These twin themes – the use of technology and the importance of data analytics – are becoming crucially important in retail today. Companies that previously would never previously have been considered hi-tech, are now exploring analytics, Big Data, and mining enormous sources of data in real-time.

But more importantly than this is how these technologies are being introduced into companies today. One of the key points Nadella makes when talking about these analytic technologies is that it is business line managers buying and using the technology. The IT department does not need to be involved in purchasing decisions that only involve software-as-a-service – solutions bought from the cloud.

In retail, all these changes can be seen happening at an extremely fast pace. Retailers need to engage with their customers and build a new model of customer loyalty that does not depend on plastic cards and points. This means they really need to know their customers preferences in detail.

The explosion in demand for omnichannel service, where the online offering blends with the in-store experience also means there is a more complicated management of stock data. With an increasingly complex internal management of stock coupled with customer demands to engage more across many channels it is no surprise that retails are exploring how to manage all this data.

The focus on data analytics is prescient. Every retailer needs to become adept at seeing customer trends and preferences inside an enormous fog of noise – the vast amount of data that is now generated from interactions and transactions.

Every company in every industry needs to learn how to do this well, but retail is ahead of the pack. Retail customers have already changed the way they want customer service to be provided across many channels. Retail customers have already demanded changes in the way they shop that have reshaped the supply chain. And retailers who want their customers to return and shop again need to understand their customers better.

Understanding data analytics should be at the top of the to do list for every retailer today – even if you think you are a retailer and not a technology company.

What’s your view? Leave a comment here or get in touch via my LinkedIn.

Data Center


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Game on! The Battle Over Content Is Heating Up

I blogged recently about the importance of content and how I believe that the Internet Service Providers need to concern themselves more with the quality of content they are offering than with incremental improvements in network quality. Customers today take the provision of the network as a given, so it’s great content that really makes individual companies stand out. Perhaps more than in any other sector, that means retaining customer value and loyalty on a significant scale.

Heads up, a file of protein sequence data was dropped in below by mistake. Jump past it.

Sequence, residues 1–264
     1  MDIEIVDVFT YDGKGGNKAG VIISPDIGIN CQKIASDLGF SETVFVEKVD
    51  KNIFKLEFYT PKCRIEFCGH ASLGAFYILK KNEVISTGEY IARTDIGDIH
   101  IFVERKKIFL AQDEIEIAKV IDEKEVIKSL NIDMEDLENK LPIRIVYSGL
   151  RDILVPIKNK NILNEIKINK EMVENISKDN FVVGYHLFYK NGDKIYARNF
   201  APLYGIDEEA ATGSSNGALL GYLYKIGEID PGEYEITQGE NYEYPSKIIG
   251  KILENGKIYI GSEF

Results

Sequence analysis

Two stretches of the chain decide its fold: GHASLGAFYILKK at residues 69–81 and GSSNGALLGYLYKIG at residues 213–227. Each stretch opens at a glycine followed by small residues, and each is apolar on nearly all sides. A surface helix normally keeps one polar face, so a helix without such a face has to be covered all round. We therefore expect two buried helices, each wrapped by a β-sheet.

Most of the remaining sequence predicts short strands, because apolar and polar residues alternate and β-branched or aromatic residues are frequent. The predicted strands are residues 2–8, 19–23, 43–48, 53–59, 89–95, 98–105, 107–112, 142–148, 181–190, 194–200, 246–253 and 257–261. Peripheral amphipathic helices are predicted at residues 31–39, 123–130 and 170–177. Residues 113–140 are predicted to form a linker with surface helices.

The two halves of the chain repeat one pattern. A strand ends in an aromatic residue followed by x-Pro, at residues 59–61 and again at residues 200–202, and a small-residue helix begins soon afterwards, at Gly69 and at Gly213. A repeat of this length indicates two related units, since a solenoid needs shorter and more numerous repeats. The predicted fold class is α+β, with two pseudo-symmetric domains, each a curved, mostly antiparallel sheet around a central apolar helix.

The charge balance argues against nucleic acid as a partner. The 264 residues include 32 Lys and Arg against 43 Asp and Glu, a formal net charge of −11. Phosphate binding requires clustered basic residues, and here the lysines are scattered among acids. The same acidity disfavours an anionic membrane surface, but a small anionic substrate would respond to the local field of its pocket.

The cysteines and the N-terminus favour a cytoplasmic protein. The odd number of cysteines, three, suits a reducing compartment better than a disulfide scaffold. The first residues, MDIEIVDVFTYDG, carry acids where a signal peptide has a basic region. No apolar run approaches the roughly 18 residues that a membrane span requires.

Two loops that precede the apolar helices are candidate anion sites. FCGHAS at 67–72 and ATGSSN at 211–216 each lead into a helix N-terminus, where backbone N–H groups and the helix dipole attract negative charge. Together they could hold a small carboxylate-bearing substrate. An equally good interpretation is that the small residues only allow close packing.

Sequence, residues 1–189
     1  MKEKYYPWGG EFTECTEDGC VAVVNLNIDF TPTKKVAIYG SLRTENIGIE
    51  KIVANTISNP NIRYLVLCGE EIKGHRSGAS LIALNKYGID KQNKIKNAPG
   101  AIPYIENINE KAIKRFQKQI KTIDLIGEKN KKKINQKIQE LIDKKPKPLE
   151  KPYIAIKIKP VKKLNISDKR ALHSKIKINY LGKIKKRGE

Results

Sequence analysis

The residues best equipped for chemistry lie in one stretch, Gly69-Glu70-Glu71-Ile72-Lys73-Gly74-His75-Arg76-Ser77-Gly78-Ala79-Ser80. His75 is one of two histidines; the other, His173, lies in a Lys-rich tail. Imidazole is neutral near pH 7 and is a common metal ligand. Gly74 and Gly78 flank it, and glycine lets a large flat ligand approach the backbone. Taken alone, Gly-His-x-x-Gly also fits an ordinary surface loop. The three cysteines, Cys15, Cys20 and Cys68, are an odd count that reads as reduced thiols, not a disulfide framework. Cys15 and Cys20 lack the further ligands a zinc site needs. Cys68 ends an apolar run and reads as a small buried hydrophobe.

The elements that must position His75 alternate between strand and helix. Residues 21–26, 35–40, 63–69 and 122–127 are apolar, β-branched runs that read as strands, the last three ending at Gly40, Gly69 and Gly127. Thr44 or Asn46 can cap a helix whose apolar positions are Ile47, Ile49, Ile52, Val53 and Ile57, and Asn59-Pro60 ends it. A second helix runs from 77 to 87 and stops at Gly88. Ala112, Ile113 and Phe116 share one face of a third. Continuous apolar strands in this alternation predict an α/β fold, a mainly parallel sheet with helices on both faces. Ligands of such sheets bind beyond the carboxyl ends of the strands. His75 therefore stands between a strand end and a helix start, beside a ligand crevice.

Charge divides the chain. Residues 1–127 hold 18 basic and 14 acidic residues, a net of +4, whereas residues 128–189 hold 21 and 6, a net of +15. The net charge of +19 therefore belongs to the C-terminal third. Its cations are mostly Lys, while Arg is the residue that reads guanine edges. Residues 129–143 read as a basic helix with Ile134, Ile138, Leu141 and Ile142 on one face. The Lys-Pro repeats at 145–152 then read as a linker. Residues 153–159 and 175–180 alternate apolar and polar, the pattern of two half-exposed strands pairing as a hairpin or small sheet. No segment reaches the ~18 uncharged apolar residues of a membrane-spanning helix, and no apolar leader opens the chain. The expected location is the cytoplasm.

In the past couple of weeks I have seen one news story or announcement after another that makes this a topic worth returning to:

  • Sky – have heavily pushed their Game of Thrones series, not just as a series that customers can watch when each episode is broadcast, but also offering the complete box-set for customers to stream.
  • Amazon – have pushed their new series ‘Outlander’ and customers using Amazon Prime can stream it free.
  • Netflix – are pushing their upcoming new series ‘Daredevil’ and advertising Virgin Media Broadband packages on their site.

We are really starting to see this space heat-up with millions being spent by companies looking to source and invest in the best content creators and talent available to attract and retain customers, and probably the same again on marketing. I know as much about when new dramas will launch for the competition as I do for my own provider such is the ubiquity of advertising. I’ve read all about ‘how real to life’ House of Cards is without ever watching it once – content itself is becoming the new celebrity. Some products remain premium (for example sport) and – at the moment – remain the preserve of Sky and BT Sports. Premier League football, for example, is getting better and better and therefore driving up the rights pricing and ultimately the cost to the subscriber.

It is difficult to replicate the Premier League football as a product, but you can target the Movie and Drama market where there is more room for creativity and attracting new subscribers. Sky has shown with the recent ‘Fortitude’ series that you can really hit the spot with quality content that appeals to a wide range of audiences – if you get the themes right. It looks like Amazon and Netflix see this as a strategy they should also be following, and with the launch of MyBBC this autumn to personalize content even Aunty is acknowledging that getting the customer/content paradigm right is key.

I can see a future where the price of ‘sports packages’ from Sky continue to go up but movie, arts, and drama packages come down as they face more competition on this genre from Netflix, Amazon, and anyone else moving seriously into the movie-streaming figure – including YouTube This is great news for film fans, but not so good for avid sports fans like me. I hope I’m wrong but expect to be justifying the rising cost of my Sports package to myself for many years to come while looking for savings on light and heating and bemoaning the introduction of water meters

Manchester City vs Liverpool